Farnsworth: Think about your social headline, image and share language and how they go all together. Do they make sense together? Is it something you would want to share with other people? Is it clear? Would it make you stop scrolling and look at it. When you ask questions or run a poll, really want to know the answer from readers. Don’t just do something to do something, readers can tell. Jump in the comments on Facebook or the mentions on Twitter. If you see questions, try to answer them if they are good faith ones. Your brand could answer or you could have reporters or editors to jump in. Think visually. Social is a visual medium – how can you take story and tell it differently even if it’s through quote cards, simple infographics, or by going live to answer questions on a topic.
Wise: Be human. Listen to your community. Provide essential benefits to make their lives better.
How do you measure success for engagement? Are you focused on numbers, on replies, what do you look for to show you that your readers are engaged?
Farnsworth: I think any good social engagement strategy is a blend of these. Of course we care about numbers. And of course we want to see that our readers are engaged and share our content and comment on it. But as we’ve seen with the rise of misinformation spreading across social, just because your article has comments on it doesn’t mean that it’s doing “well.” We have to be careful about using language that provokes responses for the sake of responses. But hopefully, our content is both something people want to share, click on and comment on. Of course, social isn’t the only way that readers access our content, so we look at all the different ways readers can access us (SEO, newsletters, Apple News, Pocket, Flipboard, and more) to see where it’s really resonating.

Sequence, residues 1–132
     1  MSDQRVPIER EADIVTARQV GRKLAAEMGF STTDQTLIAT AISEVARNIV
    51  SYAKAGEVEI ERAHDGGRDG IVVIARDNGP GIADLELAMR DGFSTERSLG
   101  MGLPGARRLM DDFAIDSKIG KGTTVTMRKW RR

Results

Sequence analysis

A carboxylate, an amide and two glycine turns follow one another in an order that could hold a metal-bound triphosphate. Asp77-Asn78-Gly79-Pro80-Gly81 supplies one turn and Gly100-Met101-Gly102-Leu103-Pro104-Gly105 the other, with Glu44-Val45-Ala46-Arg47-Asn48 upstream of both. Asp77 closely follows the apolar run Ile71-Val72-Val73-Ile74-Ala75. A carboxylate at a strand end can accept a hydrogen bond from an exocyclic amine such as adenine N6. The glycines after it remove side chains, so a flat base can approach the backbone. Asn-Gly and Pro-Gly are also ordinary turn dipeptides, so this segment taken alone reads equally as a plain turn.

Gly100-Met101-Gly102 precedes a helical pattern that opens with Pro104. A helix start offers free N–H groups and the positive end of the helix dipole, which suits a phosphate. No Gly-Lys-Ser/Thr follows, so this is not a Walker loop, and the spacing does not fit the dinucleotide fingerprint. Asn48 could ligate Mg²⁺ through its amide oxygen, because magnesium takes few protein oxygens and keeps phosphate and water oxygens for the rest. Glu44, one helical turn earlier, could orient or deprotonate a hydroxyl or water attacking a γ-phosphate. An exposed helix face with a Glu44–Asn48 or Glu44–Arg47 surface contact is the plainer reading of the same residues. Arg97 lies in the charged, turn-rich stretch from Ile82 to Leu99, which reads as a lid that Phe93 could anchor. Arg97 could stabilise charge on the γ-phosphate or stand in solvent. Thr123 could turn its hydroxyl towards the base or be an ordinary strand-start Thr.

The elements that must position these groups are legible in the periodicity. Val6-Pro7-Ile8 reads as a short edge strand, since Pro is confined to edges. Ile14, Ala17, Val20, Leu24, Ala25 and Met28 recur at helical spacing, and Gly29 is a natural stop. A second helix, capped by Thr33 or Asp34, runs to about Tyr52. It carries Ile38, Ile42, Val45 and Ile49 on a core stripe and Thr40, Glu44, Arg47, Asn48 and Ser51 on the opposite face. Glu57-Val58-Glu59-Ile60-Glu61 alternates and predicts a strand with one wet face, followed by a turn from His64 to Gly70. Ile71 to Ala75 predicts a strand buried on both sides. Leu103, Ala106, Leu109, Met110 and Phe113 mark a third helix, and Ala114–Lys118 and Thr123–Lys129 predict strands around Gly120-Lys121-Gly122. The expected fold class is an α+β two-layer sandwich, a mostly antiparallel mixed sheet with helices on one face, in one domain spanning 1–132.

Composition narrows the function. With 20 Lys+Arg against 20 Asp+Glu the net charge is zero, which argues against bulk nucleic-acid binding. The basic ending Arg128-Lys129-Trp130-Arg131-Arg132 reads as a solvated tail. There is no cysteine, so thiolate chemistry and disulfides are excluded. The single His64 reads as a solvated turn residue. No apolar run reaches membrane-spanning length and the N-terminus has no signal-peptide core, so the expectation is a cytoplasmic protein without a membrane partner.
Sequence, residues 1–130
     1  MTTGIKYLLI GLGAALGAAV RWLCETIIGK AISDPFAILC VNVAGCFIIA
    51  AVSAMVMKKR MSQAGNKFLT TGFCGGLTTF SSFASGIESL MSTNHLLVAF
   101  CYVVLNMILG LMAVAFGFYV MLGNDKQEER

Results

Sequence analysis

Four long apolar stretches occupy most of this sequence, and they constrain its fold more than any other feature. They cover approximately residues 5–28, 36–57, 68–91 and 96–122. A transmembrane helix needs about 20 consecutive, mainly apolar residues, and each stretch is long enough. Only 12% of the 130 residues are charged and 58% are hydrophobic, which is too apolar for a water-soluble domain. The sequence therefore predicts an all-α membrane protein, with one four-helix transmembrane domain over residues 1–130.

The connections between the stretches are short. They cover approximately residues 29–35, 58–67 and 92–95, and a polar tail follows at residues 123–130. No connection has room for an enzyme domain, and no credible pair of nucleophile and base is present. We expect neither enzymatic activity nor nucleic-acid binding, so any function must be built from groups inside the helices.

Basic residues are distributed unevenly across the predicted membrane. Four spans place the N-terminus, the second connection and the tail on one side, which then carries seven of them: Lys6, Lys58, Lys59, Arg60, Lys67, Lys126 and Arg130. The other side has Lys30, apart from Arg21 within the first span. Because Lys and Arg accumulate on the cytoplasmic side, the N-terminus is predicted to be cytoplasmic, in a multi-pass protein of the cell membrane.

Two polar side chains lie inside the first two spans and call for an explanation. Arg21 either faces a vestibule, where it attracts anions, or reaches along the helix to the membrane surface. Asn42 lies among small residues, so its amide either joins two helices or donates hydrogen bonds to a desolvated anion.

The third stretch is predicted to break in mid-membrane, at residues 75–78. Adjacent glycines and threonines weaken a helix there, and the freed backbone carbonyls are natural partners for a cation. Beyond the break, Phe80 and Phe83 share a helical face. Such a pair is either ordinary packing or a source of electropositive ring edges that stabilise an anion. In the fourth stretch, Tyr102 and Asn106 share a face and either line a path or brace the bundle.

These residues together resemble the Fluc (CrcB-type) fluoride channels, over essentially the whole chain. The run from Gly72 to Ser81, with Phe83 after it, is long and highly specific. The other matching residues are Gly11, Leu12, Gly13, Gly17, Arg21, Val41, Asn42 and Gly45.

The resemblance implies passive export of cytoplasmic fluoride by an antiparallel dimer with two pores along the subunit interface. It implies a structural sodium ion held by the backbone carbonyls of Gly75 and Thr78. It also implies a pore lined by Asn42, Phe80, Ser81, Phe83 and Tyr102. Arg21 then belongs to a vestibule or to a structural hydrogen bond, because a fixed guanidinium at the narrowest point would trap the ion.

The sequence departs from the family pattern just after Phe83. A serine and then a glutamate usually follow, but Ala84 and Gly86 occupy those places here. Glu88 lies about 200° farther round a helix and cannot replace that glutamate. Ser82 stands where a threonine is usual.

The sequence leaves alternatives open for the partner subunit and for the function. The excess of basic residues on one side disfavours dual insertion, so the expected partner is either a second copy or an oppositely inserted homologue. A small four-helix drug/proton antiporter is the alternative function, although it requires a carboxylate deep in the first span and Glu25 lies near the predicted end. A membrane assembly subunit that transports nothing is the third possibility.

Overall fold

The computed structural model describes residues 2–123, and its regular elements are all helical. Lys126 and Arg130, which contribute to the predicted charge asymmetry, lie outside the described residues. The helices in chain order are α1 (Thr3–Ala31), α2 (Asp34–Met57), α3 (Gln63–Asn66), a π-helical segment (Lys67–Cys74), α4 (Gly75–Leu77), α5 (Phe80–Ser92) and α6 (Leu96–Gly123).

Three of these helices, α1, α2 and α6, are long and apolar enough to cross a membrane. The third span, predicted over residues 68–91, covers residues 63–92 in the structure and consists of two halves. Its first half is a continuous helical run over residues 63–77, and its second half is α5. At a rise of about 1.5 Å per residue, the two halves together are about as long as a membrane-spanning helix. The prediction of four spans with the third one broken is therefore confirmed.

Wise: This is a difficult question to have a succinct answer. We focus on a number of key metrics in the newsroom: conversions, number of return visitors (visitors back to the site within 30 days), total number of engaged minutes and social shares. When you add in our audience engagement efforts with tools like Hearken and Groundsource, we are looking at volume of questions, are the engaged people subscribers, do they come to events or community office hours? Ultimately, we are a subscription business and we measure engagement by our total number of subscribers.
Do you have any favorite social media / engagement tools that you use? And for each one, why do you love it?
Farnsworth: I love Dash Hudson and Social Flow, two tools we use at WIRED. Both definitely make it easy to re-optimize, schedule and track metrics really easily. Crowdtangle is also essential for tracking what’s going on across social and also seeing who is sharing links. I’m kind of old school though I love using the native tools – I’m always on Twitter.com and I absolutely refuse to use Tweetdeck, don’t @ me on that.